Although it goes without saying, the sports market in the United States is gargantuan. It’s a multi-billion dollar industry with teams, franchises, arenas, merchandise, entire television networks, and magazines. If you can find a way to monetize it, the professional sports industry has done it. It wasn’t always this way; the commercialization of sports culture was a slow process. You can go online now and watch grainy footage of Babe Ruth stepping up to bat when baseball was the biggest and most popular sport in the USA. They were simpler times, when athletes were expected to go play the game, maybe hang around for a press conference, then go and live the rest of their lives. In today’s culture, we’ve venerated the athletes so much that they’ve almost become their own class of citizens – with millions and millions of dollars.
Still, as much as people like to complain about the pay athletes receive, they don’t seem to realize they get contracts with crazy money because they really do have an insane valuation thanks to the growth of the sports industry. It’s highly competitive and although each sport has its own unique fan base, there is a massive segment of the population that follows all of the traditional 4 major leagues in North America – the NFL, MLB, NBA and NHL. The leagues battle for the attention of the casual sports fan and hopefully maintain their attention on the sport that they’re promoting – but is this the way it’s always going to be? A 4-way battle between the big dogs for sports supremacy? Maybe not.
The future is, after all, in the children. Finding out what sports kids like the most is a pretty good indicator of what game will be hot in the future. Baseball was once ‘America’s pastime’, but nowadays (although baseball is still very, very big) it’s been completely overtaken by football. Preferences change, and maybe one day all of those rabid NFL fans will look just as old timey and out of touch as the old man in the park who exclusively follows baseball.
No need to worry though, if the results of a recent ESPN survey are any indication, football is king and here to stay. Interestingly enough, some pretty surprising results were uncovered. The poll asked kids aged 12-17 what they were an ‘avid’ fan of – which sport(s) they followed regularly – and some of the results might shock you. In fact, depending on what sport you religiously follow, it might even scare you. The subjects were able to categorize themselves as ‘avid’ fans of multiple leagues, and the percentage values represent how much of the total sample stated they were fans of a particular sport – if they were even a fan of any sport – and so the numbers don’t add up to 100% Here are the 7 different leagues that came up in the study.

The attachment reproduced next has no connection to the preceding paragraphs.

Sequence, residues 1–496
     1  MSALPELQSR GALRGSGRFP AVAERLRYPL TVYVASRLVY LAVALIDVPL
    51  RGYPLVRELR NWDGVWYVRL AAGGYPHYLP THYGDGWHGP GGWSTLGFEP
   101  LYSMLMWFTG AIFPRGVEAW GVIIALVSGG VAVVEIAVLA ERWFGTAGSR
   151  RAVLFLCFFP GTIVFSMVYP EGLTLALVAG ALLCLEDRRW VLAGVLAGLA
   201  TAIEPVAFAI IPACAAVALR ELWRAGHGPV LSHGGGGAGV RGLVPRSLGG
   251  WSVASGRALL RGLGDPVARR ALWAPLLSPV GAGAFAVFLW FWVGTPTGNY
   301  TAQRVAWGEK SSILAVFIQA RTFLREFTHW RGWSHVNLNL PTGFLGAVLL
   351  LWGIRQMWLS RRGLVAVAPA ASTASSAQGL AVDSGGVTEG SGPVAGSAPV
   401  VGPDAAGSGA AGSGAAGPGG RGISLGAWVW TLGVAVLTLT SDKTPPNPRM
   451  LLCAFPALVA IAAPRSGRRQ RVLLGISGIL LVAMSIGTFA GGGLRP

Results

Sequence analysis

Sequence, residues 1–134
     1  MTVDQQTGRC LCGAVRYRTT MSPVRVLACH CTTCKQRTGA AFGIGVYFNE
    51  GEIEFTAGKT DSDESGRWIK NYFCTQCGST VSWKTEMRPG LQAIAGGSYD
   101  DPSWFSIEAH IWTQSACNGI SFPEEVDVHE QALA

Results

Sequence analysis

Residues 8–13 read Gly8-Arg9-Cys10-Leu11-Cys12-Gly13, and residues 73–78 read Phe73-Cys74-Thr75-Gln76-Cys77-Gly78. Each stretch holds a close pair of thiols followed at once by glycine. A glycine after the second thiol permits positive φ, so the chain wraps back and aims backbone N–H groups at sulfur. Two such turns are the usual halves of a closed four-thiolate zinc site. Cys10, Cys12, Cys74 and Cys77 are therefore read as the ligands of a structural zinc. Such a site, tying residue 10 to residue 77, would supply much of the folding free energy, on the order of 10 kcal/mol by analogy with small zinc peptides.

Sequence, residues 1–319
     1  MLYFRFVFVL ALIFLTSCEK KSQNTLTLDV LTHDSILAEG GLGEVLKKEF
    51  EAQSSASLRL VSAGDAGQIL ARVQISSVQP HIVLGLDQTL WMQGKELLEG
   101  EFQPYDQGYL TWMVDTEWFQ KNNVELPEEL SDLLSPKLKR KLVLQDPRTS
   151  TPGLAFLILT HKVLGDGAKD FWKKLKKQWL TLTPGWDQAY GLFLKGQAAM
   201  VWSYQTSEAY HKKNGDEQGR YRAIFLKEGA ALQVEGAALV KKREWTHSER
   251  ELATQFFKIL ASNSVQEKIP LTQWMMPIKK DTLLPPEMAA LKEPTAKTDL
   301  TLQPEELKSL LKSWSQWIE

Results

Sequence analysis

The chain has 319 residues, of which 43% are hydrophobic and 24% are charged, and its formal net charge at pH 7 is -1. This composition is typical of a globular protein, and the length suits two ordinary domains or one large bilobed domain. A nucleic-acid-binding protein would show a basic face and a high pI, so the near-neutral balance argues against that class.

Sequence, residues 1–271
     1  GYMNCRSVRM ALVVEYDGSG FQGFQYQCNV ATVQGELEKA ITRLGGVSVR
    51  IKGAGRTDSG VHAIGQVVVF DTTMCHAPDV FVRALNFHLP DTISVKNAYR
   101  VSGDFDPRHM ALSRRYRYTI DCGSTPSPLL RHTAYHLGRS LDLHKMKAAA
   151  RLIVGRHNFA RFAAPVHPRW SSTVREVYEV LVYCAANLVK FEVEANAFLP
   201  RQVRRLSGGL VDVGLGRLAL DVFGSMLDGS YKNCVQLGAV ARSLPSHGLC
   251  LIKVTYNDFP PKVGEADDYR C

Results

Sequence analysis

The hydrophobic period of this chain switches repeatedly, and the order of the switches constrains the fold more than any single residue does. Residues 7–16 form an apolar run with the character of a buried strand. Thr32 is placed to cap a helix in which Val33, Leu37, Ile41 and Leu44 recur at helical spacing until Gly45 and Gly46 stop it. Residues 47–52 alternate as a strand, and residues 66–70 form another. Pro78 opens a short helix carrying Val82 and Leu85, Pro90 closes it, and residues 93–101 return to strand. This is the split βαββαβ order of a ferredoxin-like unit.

7. NHL – 8.86%
After a decade with 2 separate seasons scratched thanks to a lockout of the players by the team owners (one shortened significantly and one cancelled entirely), NHL commissioner Gary Bettman should probably be taken out back and sent the way of old yeller. In 1995, 2 years after Bettman became NHL commissioner, around 16% of 12-17 year olds said that they were an avid fan of NHL hockey. Today that figure sits at around 8.86%, reflecting interest among American youth that’s nearly been chopped in half. The NHL, while still wildly popular in Canada and much of the northern United States, has serious work to do if it ever wants to regain the lost ground in the rest of the United States that Bettman and his ace team of management gurus have let slip away.
6. MLS – 17.98%
Probably the most surprising entry on this list, the MLS (Major League Soccer) has made huge strides since its initial founding in 1993. The recent success of the MLS has a lot to do with the increasing popularity of soccer itself in North America, which was long an afterthought compared to the sports of the traditional ‘big 4’ (hockey, baseball, football, basketball). 17.98% of 12-17-year-old sports fans described themselves as avid fans of the MLS, which is great news for the future of soccer on this side of the Atlantic. The MLS has experienced its greatest success by expanding into markets that the other leagues have mostly ignored – particularly the pacific northwest cities of Portland and Seattle. The MLS has continued to rapidly expand, and in 2017 the MLS will be host to 22 teams, up from 19 presently. The new franchise will be in Atlanta, Orlando, and a 2nd team for New York City. David Beckham may also exercise his right to start a franchise at a discounted rate in Miami should everything go according to plan. In short, the future is bright for soccer in North America.